5:30 PM: None other than Jensen Huang (CEO and Co-Founder of Nvidia) is chatting virtually with CogX Co-Founder, Tabitha Goldstaub, on how AI is changing the world now and how it’ll shape the future. Jensen immediately catches the audience’s attention as he talks about Cambridge 1 — the most powerful supercomputer ever built in the UK.

“It’s going to be the most powerful industrial supercomputer in the world, and the most energy-efficient supercomputer ever created.’

He adds that they’ll use it to create AI models capable of predicting neurological diseases or other Covid variants to get a head start on stopping future pandemics. (Cambridge 1 will officially be inaugurated this July 7th!)

He then touches on how AI is ‘the most powerful technology force of our time’, wisely noting that intelligence is humanity’s superpower and AI is going to automate that intelligence at incredible speed and scale. But, because it’s so powerful, we have to be thoughtful about its use and make sure we use this technology wisely.

‘We need to democratise AI so that every industry and every company can automate the benefit of intelligence.’ – Jensen Huang, CEO & Co-Founder, Nvidia.

6:30 PM: The final session on today’s talent-filled GLS stage is as busy as it can (safely) get, with the delightful Dr. Hannah Fry (Author of Hello World: How to Be Human in the Age of the Machine) moderating a marvellous session on the future UK Scientific Research’. The audience eagerly settles in to hear from Amanda Solloway MP (Minister for Science, Research and Innovation) and Matt Warman MP (Minister for Digital Infrastructure, DCMS).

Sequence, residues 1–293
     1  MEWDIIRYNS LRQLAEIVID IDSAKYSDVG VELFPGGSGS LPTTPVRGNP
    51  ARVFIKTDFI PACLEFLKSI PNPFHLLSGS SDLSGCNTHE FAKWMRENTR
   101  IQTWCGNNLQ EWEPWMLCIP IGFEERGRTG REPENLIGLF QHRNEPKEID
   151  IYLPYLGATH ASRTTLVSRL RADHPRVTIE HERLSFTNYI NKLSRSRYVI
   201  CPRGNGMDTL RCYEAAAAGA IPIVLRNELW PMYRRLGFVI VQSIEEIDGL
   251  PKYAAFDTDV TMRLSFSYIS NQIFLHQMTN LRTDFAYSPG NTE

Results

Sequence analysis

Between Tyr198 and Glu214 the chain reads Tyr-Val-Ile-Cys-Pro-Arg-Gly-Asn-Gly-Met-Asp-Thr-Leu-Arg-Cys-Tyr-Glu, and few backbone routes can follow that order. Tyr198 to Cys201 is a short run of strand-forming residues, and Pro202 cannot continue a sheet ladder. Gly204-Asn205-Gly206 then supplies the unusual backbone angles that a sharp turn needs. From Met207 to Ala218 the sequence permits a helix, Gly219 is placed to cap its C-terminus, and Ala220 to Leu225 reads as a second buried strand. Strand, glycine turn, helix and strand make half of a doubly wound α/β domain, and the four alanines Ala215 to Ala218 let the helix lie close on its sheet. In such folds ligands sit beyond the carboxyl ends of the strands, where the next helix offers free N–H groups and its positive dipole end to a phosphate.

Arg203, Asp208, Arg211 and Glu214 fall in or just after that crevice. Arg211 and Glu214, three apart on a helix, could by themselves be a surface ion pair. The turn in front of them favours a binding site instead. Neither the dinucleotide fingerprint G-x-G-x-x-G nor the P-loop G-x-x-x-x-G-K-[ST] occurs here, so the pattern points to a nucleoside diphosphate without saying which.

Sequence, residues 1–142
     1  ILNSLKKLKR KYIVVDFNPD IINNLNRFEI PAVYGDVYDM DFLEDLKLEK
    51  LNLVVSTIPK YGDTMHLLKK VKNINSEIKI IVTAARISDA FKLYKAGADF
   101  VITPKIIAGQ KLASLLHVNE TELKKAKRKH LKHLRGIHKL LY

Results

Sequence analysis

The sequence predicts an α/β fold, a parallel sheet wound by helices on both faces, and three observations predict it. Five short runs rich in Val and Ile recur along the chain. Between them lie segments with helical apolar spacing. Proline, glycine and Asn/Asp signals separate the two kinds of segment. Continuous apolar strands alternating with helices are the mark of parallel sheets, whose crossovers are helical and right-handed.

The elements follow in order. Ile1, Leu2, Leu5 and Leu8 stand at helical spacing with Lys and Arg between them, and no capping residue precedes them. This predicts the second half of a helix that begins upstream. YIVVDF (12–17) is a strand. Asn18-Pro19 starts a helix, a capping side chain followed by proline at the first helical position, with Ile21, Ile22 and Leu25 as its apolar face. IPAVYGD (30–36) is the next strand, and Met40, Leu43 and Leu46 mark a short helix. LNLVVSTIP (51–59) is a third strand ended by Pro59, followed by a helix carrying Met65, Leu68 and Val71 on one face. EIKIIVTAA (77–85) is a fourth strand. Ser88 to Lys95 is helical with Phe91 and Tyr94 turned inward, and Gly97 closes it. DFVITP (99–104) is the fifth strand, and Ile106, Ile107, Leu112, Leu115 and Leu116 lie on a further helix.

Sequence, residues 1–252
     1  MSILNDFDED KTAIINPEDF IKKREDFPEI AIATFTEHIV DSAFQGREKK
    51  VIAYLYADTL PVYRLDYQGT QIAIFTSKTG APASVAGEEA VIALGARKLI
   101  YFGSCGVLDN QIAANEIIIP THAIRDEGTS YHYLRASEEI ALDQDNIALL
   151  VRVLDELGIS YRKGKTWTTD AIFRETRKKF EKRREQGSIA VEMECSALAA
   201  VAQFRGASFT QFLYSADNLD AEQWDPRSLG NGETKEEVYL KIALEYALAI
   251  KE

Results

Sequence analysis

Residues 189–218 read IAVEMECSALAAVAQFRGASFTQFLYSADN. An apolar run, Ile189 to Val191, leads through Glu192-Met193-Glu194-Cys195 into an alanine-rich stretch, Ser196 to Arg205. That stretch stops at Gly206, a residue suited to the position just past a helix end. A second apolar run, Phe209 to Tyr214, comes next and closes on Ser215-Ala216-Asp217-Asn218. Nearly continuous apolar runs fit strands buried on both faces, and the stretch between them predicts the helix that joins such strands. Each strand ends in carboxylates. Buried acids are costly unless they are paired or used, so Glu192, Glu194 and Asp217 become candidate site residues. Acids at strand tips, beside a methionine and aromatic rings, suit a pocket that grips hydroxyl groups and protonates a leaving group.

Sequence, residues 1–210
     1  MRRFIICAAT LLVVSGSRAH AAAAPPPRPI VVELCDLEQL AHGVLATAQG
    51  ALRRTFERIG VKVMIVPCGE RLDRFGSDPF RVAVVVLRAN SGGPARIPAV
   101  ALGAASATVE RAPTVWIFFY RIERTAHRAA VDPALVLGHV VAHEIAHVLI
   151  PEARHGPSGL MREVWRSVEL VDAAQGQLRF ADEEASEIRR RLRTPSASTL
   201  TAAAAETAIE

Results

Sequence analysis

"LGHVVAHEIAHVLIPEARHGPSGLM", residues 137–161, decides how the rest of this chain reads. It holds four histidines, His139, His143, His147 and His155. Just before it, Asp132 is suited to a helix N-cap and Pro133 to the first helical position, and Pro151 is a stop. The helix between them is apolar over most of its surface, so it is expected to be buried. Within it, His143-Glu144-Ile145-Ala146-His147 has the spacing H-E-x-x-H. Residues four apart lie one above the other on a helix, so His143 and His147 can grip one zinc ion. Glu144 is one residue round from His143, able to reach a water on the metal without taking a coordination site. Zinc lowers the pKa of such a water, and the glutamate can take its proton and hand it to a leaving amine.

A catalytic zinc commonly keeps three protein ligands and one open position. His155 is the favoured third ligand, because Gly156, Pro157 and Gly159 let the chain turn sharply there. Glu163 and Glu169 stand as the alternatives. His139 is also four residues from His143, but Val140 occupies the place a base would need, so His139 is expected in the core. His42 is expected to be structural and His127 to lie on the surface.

They begin by talking about ARIA, The Advanced Research & Invention Agency, and its implications on scientific research in the UK. Matt mentions that the tech sector is extremely good at innovation, but not all of those innovations are necessarily for the greater good. ARIA seeks to change that. Hannah follows up by asking how they know that’ll actually work, prompting Amanda to highlight the importance of ‘having the capacity to fail’ and even to stop projects and pivot — which is sadly not a luxury every organisation has.

Hannah’s next question is about attracting the best of global talent to accelerate research in the UK. ‘The UK has a unique mixture of business, academia, and government coming together in a way that’s genuinely open to the international community’, Matt says, adding that the main point is to see ‘where the UK can work harder to attract people’ and how it can do that effectively.